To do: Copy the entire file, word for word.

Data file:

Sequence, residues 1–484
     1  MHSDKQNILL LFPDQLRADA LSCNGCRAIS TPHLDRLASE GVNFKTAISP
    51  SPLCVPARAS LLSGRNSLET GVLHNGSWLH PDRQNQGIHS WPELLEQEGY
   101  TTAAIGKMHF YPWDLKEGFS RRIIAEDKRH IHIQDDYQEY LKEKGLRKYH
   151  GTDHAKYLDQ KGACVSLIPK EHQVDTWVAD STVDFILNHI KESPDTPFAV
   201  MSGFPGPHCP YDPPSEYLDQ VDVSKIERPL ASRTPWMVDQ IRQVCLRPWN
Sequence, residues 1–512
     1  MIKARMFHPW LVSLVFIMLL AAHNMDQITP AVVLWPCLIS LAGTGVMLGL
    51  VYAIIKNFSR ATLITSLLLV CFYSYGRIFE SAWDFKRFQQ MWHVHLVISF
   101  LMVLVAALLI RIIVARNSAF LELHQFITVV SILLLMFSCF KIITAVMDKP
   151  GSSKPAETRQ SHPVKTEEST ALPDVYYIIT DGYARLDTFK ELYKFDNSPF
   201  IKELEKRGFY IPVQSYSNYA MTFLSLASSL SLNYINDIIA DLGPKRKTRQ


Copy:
Sequence, residues 1–484
     1  MHSDKQNILL LFPDQLRADA LSCNGCRAIS TPHLDRLASE GVNFKTAISP
    51  SPLCVPARAS LLSGRNSLET GVLHNGSWLH PDRQNQGIHS WPELLEQEGY
   101  TTAAIGKMHF YPWDLKEGFS RRIIAEDKRH IHIQDDYQEY LKEKGLRKYH
   151  GTDHAKYLDQ KGACVSLIPK EHQVDTWVAD STVDFILNHI KESPDTPFAV
   201  MSGFPGPHCP YDPPSEYLDQ VDVSKIERPL ASRTPWMVDQ IRQVCLRPWN
Sequence, residues 1–512
     1  MIKARMFHPW LVSLVFIMLL AAHNMDQITP AVVLWPCLIS LAGTGVMLGL
    51  VYAIIKNFSR ATLITSLLLV CFYSYGRIFE SAWDFKRFQQ MWHVHLVISF
   101  LMVLVAALLI RIIVARNSAF LELHQFITVV SILLLMFSCF KIITAVMDKP
   151  GSSKPAETRQ SHPVKTEEST ALPDVYYIIT DGYARLDTFK ELYKFDNSPF
   201  IKELEKRGFY IPVQSYSNYA MTFLSLASSL SLNYINDIIA DLGPKRKTRQ